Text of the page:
Let it never be said that French musical culture is reluctant when it comes to matters of the heart. Speaking in caricature, we incline to think of England as prudish and of Italy as choked-up and glottal-stopped with amorous emotion. The French, though, seem to be the official “culture of love," and--let’s be clear—French musical “impressionism” is largely about sex. All those satiny string breezes and quivering woodwind dewdrops mean little if we don’t imagine languid lovers at center stage. That’s what Prelude to the Afternoon of a Faun is all about, of course, as is Daphnis and Chloe. But there is a reserve in both Debussy and Ravel which keeps the listener at an artistic remove. No one would accuse Debussy’s Jeux or Ravel’s Mother Goose of louche sensuality. Florent Schmitt, on the other hand, like the film noir composer he could have been, is happy to confront sensual moments in real time. Schmitt’s constantly shifting rhythms mirror the quick intensity of actual emotions and thoughts, the changeable “eclectic” quality of human happenings and the physical process of sex itself. There are moments in La Tragédie de Salomé where you might as well be listening to the headboard banging against the wall.
There's something about Buffalo that is forever and wonderfully 1940. The city admittedly went through a difficult patch in the last decades of the century, before emerging today prosperous and half the size it was. From an artistic perspective, though, this may not be all bad. Buffalo escaped most of the Pizza Hut architecture and cereal box skyscrapers which typically afflict American cities. Today, great colonnaded turn-of-the-century hotels, banks and office buildings still reflect iconic dignity and Dreiserian business energy upon a downtown more formal and stylistically unified than most. When it comes to its resident orchestra, the Buffalo Philharmonic similarly avoided an onslaught of concrete, continuing to perform in Kleinhans Music Hall, designed by the Saarinens (father Eliel and son Eero) in 1940 and declared a national landmark in 1989.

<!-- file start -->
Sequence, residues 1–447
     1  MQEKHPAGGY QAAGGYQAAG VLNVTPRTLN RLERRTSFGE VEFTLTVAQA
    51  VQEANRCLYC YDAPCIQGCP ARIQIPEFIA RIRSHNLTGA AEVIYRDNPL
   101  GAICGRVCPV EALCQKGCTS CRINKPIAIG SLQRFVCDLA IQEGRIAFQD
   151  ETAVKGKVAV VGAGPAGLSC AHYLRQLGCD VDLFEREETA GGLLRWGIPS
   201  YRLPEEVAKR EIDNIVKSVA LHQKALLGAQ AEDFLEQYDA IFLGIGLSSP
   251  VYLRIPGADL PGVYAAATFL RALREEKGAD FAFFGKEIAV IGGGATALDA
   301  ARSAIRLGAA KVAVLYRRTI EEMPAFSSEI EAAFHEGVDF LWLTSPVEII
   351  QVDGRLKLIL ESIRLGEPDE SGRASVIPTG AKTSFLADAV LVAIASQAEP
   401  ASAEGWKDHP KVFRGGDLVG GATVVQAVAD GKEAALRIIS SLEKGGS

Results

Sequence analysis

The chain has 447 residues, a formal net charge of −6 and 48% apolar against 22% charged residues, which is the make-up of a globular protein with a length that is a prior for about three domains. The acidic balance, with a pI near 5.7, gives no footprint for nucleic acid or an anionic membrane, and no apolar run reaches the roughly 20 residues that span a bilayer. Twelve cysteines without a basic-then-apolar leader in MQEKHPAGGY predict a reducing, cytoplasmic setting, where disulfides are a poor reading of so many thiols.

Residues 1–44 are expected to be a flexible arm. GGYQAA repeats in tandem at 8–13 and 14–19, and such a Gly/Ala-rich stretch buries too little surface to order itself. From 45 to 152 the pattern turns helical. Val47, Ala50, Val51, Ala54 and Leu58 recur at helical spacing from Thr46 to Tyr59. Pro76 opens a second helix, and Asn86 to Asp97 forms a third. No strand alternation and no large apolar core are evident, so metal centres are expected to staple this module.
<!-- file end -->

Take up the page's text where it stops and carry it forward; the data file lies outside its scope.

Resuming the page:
About a year ago Sarah Connolly, Andrew Davis and the BBC Symphony brought us rich rolling Sea Pictures as part of their Gerontius CD set for Chandos. In that voluptuous traversal Sarah Connolly sings like the golden girl who would be queen. This is grand Elgar in the tradition of Janet Baker, where soft low notes yearn and consecrate. At times the “r”s roll and things veer imperial. But there is another, more intimate way to woo these chords. It struck me immediately. Alice Coote nearly whispers the music to you like a woman in love. It isn’t a question of volume, of course. Coote sings all the dynamics as written. It’s her manner, so personal, so confessional. It matters less that her voice is slightly lighter than Connolly’s or that the orchestra’s pulse is less nautical. This isn’t tourist Elgar. This is three o’clock in the morning Elgar. And at that hour intimate tears are welcome.